Solipsism & Nacht Plank
Opiate Odyssey






The …txt label is resurrected and celebrates its relaunch with a special piece of enchantment: Craig Murphy‘s and …txt owner Lee NorrisOpiate Odyssey, a six-track record released as a limited run of 50 CD's and as a download version in August 2013. The British duo has worked together previously and can look back to a wide and diverse discography, with Murphy using the name Solipsism while Norris works under the monikers of Norken, The Ashes Of Piemonte, Metamatics and Nacht Plank, among others. Opiate Odyssey is a superbly dreamy journey that feels much less than an odyssey rather than a soothing drift through cosmic caverns, aural antra and celestial cathedrals. Even though these architectural particularities are nowhere mentioned in the press text or by the duo, it feels to me as if all aspects of the long journey take place in innermost sanctuaries and vaulted places. All pieces have in common that they are progressively pushing forward to a more elysian state. The faux-erudite phrase from a reviewer’s sentence-building set comes to mind which says: “The songs are developing” or “they are growing on me,” but here in this case, they are actually growing and nurturing both their effulgence and transitional layer entanglement. The voluminosity becomes larger, everything feels exceptionally puffy. It is not clear which particular hardware or gadgets the prolific producers have used. To me, this is always important in regard to one reoccurring error on my side only: I often mix up synths with guitars and vice versa due to the stupendous possibilities of camouflaging the truthful origins of instruments nowadays, so when I write that Opiate Odyssey is a delightfully synth-based work, I might be proven wrong in the end. In order to prevent this for the moment, I simply call it a synth-oid album, with an even better coinage about to follow in the latter parts of this review. But first, here is a more meticulous look at all six tracks.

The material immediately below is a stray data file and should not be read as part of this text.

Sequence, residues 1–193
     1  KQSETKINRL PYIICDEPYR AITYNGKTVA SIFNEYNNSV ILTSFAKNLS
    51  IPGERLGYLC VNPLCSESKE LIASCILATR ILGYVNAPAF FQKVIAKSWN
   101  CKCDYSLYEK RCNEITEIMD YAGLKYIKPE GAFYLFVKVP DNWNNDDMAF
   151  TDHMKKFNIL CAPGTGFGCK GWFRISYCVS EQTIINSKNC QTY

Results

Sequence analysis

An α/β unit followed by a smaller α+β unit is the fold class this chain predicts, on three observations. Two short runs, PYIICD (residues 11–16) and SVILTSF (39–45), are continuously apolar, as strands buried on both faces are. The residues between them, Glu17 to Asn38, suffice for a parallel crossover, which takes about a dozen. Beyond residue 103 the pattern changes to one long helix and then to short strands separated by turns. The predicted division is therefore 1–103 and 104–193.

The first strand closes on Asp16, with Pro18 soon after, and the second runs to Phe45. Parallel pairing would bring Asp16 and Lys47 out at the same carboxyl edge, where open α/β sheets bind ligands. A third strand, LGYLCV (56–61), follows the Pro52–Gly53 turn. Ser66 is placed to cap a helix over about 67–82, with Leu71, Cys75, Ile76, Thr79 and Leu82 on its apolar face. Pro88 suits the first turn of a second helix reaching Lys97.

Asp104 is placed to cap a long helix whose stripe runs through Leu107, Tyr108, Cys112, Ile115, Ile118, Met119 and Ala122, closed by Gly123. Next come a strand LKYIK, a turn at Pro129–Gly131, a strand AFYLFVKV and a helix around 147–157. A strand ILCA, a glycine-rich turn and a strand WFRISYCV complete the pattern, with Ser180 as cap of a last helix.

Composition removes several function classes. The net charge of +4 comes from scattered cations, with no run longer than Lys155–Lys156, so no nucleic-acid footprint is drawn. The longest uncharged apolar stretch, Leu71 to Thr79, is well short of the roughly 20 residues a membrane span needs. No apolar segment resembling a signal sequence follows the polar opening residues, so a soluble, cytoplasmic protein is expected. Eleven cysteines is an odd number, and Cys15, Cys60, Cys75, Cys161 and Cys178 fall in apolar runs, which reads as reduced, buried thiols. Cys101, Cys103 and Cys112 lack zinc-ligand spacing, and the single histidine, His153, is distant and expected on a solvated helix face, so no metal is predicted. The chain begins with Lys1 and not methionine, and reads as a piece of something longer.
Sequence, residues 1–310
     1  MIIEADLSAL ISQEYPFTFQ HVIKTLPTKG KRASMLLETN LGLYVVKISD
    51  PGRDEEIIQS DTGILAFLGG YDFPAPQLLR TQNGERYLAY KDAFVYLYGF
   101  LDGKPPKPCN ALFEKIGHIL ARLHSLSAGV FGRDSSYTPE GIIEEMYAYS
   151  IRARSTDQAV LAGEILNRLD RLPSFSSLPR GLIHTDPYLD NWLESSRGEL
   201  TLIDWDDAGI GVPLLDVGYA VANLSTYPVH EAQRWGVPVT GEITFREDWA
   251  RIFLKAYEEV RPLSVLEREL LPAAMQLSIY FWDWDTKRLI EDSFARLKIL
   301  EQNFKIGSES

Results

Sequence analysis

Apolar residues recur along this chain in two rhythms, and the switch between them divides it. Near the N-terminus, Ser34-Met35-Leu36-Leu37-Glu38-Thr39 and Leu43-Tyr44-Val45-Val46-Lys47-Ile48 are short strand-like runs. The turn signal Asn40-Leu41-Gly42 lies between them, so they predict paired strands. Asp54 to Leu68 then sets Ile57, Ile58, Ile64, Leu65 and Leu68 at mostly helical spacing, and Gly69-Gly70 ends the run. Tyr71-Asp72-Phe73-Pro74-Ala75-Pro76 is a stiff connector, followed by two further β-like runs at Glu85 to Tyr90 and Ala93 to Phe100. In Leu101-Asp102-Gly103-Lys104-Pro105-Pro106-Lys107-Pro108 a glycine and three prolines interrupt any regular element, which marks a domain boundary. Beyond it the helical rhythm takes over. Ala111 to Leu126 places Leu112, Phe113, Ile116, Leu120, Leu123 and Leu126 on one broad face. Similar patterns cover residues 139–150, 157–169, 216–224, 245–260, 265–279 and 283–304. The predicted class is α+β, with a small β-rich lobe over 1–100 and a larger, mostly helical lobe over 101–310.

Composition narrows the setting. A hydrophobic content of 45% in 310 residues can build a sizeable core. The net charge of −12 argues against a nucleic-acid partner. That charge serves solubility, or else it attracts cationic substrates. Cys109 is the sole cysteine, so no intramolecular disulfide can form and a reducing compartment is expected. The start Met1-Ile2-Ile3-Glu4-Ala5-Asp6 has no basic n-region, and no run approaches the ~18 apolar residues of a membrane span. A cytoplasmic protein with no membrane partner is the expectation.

The gateway construction is called Opiate Scope On, and considering the designedly weird and portentous titles the duo has in store for the listener, the linguistic structure almost feels like a demand sans exclamation mark. In the given endemic circumstances, Opiate Scope On is an archetypical prime example of a cautiously widened pool of patterns and surfaces in the very legato style that is so essential for Drone music. Right from the get-go and during the fade-in phase, the golden luminosity of the delicately somnolent synth runlets is already firmly in place, but still alloyed with abyssal bass tendrils. Encapsulated in a quasi-ecclesiastic shelter, Solipsism and Nacht Plank let the beguiling fluxion oscillate between a cherubic incandescence and calcined cloudlets, but the tendency and eventual task become increasingly clear: lifting the aforementioned veil, curiously enough by both stressing the pristine clarity and bolstering the wadded diffusion. The interim result merges silkened New Age-like Chinese gongs and spectral dark matter protuberances with Geiger counter-resembling bonfire crackles of the soothing kind, all the while the rich alluvial riverbeds are still floating in close proximity. Opiate Scope On continues to retain its dualistically blurred-granular physiognomy of a mountainous den. Airflows of thermal heat waft in the distance, the reverberation of the gongs is potentially gelid, but harmoniously embedded in the erbaceous strata. Neglecting esotericism by only hinting at it in the far-away nullspace, Murphy’s and Norris’ anacrusis of their album is an eminently mellow one.